In an attempt to find new Planetary Nebulae we have short radio continuum observations at 6 cm and 3 cm of 90 PN candidates with the Australian Compact Array. We selected the unidentified objects from the IRAS Point Source Catalogue on basis of their PN colors. Detection of radio continuum emission at the IRAS position almost certainly confirms that these objects are PN, because it indicates the presence of ionized gas. Therefore the 18 detected sources are considered new PN. Because of their high brightness temperatures, they are probably young PN.
The first planetary nebula was discovered by Messier in 1794. But for some reasons it has not been studied detail for a long time, especially for the central star Of planetary nebula. The primary research for these objects showed that the lifetime of a planetary nebula is about 5 104 years, but in this period the luminosity of central star varies from 63 L⊙ to nearly 3.5 104L⊙ and then decrease to 100 L⊙; its temperature changes from 3.4 104 to 105K and then begins to decrease (Seaton 1966). The radius of central stars also have fast varies in planetary nebula phase. For these reasons we consider that in the planetary nebula phase the activities of central star is very drastic and the result of these activities must cause some variation at the surface of central star witch may be detected on the earth, especially for the surface light variations. Some observers have been trying to find the luminosity variations in central stars. But until now no one has made systematical survey for these. Since the different authors used different instruments amd different processing methods at different places which may be caused a lot of uncertainty in the photometry of planetary nebulae and central stars. So it is hard to decide whether the differences between the authors or the essential variations of the objects is responsible of the observing differences. Therefore, we have selected over fifty planetary nebulae to observe for a long period at Beijing Observatory using the same instrument and the same processing method. From these observations we may determine the light variations and the brightness of the planetary nebulae and central stars more correctly.
During the past decade the achievements in the theory of stellar atmospheres of hot stars combined with improved spectrograph and detector technology at large telescopes have led to a significantly improved knowledge of PN nuclei properties (see Méndez et al. 1988, Kudritzki and Méndez 1989).
The “Astronomy and Astrophysics Abstracts”, edited twice a year by the “Astronomisches Recheninstitut” in Heidelberg, served as basis for the determination of some data concerning the development of planetary nebulae as a research field. From the numbered and unnumbered papers within the subject category 134 there it was, for example, possible to compare the development of the PN paper rate with that of the whole field of Astronomy; for the years 1986 to 1990, a list (including postal addresses) of all individuals (ca. 900!) who published at least one paper on PN was made. For these 5 years, we now know which scientist(s) published most, in how many countries research on PN is done, how the annual publication rate varies for a specific country etc. Below, we show two results of our statistics.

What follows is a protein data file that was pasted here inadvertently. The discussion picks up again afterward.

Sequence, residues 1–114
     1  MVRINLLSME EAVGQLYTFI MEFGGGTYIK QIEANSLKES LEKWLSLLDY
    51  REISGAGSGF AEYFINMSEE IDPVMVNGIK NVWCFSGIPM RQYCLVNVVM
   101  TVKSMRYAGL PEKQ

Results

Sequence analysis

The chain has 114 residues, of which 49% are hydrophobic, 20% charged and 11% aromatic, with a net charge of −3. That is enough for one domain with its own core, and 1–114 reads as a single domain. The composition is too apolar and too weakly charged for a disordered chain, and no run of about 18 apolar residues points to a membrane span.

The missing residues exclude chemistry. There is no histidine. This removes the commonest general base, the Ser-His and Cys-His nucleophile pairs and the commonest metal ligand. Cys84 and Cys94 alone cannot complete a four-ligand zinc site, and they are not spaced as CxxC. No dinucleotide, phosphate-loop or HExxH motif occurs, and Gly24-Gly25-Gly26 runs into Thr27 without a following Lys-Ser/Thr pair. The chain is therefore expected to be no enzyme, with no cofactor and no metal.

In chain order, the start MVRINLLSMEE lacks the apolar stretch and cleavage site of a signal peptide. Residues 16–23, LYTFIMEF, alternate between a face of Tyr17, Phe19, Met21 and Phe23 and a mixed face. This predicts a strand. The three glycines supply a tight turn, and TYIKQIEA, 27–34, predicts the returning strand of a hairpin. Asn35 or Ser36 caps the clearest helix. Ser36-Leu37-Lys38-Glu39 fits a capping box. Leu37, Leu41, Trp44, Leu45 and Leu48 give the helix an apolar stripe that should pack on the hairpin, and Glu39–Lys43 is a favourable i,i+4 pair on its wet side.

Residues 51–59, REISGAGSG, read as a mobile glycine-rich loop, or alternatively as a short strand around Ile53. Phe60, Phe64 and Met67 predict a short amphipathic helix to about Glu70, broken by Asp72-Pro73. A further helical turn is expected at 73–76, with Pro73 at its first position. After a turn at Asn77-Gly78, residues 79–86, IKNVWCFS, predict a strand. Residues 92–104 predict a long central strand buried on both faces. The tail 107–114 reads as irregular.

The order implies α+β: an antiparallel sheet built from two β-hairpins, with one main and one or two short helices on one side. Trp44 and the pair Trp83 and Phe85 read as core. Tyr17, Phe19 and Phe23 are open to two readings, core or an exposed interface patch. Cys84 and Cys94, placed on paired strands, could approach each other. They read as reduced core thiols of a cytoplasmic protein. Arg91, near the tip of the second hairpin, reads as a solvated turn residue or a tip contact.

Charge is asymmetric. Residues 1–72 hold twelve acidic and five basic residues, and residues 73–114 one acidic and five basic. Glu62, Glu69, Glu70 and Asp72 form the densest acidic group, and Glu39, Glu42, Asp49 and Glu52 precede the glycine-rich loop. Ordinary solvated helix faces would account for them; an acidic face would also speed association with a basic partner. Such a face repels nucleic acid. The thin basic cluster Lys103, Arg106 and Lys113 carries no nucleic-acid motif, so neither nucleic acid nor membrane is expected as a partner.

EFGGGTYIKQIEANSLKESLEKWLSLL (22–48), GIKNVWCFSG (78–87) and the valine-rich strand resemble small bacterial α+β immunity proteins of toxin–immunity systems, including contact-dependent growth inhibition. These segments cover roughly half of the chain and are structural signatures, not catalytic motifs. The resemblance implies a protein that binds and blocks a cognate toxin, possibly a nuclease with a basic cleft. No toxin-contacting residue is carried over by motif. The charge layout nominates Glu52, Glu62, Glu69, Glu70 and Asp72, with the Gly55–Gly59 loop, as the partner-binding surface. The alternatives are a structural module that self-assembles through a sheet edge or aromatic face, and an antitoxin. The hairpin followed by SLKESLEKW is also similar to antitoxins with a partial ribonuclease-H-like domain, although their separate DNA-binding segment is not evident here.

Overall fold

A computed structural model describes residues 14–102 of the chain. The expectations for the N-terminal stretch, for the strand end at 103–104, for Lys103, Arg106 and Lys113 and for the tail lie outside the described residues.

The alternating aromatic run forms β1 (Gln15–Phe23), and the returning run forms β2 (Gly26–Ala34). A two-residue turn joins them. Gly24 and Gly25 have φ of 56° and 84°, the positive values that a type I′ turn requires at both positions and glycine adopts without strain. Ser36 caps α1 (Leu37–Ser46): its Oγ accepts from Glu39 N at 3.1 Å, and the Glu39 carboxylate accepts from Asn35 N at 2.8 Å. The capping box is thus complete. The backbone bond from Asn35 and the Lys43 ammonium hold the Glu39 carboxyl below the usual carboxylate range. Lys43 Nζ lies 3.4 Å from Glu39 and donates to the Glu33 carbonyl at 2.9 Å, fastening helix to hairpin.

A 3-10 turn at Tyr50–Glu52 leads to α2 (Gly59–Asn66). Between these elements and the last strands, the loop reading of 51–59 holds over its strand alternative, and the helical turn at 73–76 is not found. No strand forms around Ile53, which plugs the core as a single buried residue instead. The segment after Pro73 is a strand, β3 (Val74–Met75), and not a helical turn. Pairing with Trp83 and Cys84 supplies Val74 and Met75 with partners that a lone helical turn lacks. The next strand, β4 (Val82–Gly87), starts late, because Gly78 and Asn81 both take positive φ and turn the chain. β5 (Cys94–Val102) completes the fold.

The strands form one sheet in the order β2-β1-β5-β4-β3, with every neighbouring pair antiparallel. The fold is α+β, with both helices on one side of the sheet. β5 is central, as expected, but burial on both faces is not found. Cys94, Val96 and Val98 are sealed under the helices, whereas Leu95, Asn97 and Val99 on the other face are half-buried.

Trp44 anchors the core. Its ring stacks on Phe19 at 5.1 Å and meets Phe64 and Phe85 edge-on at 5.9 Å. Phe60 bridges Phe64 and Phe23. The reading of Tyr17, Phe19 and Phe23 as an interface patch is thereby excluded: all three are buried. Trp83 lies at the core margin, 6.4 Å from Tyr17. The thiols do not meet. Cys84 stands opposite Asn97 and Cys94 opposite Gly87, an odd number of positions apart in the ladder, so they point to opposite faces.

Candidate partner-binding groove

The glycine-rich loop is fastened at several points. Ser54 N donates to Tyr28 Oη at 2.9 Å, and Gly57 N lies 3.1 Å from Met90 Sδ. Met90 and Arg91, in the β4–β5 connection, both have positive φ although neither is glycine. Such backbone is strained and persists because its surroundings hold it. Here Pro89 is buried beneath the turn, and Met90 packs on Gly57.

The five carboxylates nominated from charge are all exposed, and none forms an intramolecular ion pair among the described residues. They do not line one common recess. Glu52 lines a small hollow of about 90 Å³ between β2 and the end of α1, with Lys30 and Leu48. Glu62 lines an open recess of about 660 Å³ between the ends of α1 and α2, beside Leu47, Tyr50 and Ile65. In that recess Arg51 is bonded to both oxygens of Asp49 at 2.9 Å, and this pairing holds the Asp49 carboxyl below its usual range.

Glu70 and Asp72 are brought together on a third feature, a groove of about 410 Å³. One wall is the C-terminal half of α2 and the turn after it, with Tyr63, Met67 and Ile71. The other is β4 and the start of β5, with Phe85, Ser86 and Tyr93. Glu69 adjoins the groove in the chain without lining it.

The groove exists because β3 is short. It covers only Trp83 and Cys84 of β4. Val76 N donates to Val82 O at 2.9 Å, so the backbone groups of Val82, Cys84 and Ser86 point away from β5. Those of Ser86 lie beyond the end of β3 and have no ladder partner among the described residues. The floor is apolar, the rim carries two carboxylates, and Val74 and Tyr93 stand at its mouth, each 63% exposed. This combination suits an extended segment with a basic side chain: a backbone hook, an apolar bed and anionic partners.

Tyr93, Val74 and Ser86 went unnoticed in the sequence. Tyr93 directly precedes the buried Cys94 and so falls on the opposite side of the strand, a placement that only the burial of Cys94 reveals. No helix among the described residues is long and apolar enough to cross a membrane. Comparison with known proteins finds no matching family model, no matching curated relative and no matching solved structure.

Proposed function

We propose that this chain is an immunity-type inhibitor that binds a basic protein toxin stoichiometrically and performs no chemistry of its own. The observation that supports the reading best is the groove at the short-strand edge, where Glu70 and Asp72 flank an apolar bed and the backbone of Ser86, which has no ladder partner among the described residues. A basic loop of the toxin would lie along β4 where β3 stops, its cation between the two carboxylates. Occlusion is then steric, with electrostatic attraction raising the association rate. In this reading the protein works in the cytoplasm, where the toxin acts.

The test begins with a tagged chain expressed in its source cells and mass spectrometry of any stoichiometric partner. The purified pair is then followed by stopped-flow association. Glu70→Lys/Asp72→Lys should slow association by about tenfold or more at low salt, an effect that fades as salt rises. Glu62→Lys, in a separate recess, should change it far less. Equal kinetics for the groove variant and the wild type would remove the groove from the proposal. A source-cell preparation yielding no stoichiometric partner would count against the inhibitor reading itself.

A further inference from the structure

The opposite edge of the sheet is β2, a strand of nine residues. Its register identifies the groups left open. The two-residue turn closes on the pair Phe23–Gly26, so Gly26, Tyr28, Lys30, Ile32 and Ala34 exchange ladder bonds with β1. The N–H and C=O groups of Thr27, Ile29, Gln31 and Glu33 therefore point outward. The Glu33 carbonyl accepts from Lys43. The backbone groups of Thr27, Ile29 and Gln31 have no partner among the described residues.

Intensities of the observed spectral lines, radio fluxes and Hβ fluxes are used for the classification of planetary nebulae by centroid method of taxonomical analysis. Two variants of classification are proposed. The first one– in the three–dimensional space of relation of intensity of spectral lines He II λ 4686/HeI λ 4471, [OIII] λ 4959+5007/[OII] λ 3726+29, [OIII] λ 4959+5007/[OIII] 4363. The second variants is the classification in the three-dimensional space with cooordinates being radio flux, Hβ flux and [OIII] λ 4959+5007 intensity. The membership of classes (taxons) are presented. In the diagram joining the planetary nebula descriptors pairwise there are regions of complete (or predominant) of nebulae belonging to the same taxon, but there are also some regions of overlap. The corresponding taxons are not isolated but merge continuously into one another.
We review the work done in this field since the time of the Mexico Symposium on PN, five years ago. Although substantial progress has been achieved, a lot of work is still needed, and we pay attention to some remaining problems. We briefly describe some recent results about stellar and nebular properties, obtained with NLTE model atmosphere techniques.
In the Introduction we recall the mass loss history of a progenitor of a planetary nebula (PN). Then we concentrate on the status of knowledge of fast winds in central stars of planetary nebulae (CSPN) : the detection and statistics, the observed edge velocities, relationships of the edge velocities with other stellar or nebular parameters. We then summarize the methods used to derive the mass loss rates associated to the fast winds, and review the determinations of the “observed” mass loss rates. The comparison with predictions from the radiation driven theory (RDT) is then discussed as well as possible lines for future improvements.